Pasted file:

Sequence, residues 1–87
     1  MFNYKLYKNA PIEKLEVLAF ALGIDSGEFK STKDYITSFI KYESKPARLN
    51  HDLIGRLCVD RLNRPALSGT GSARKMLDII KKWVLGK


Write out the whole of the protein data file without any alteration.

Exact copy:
Sequence, residues 1–87
     1  MFNYKLYKNA PIEKLEVLAF ALGIDSGEFK STKDYITSFI KYESKPARLN
    51  HDLIGRLCVD RLNRPALSGT GSARKMLDII KKWVLGK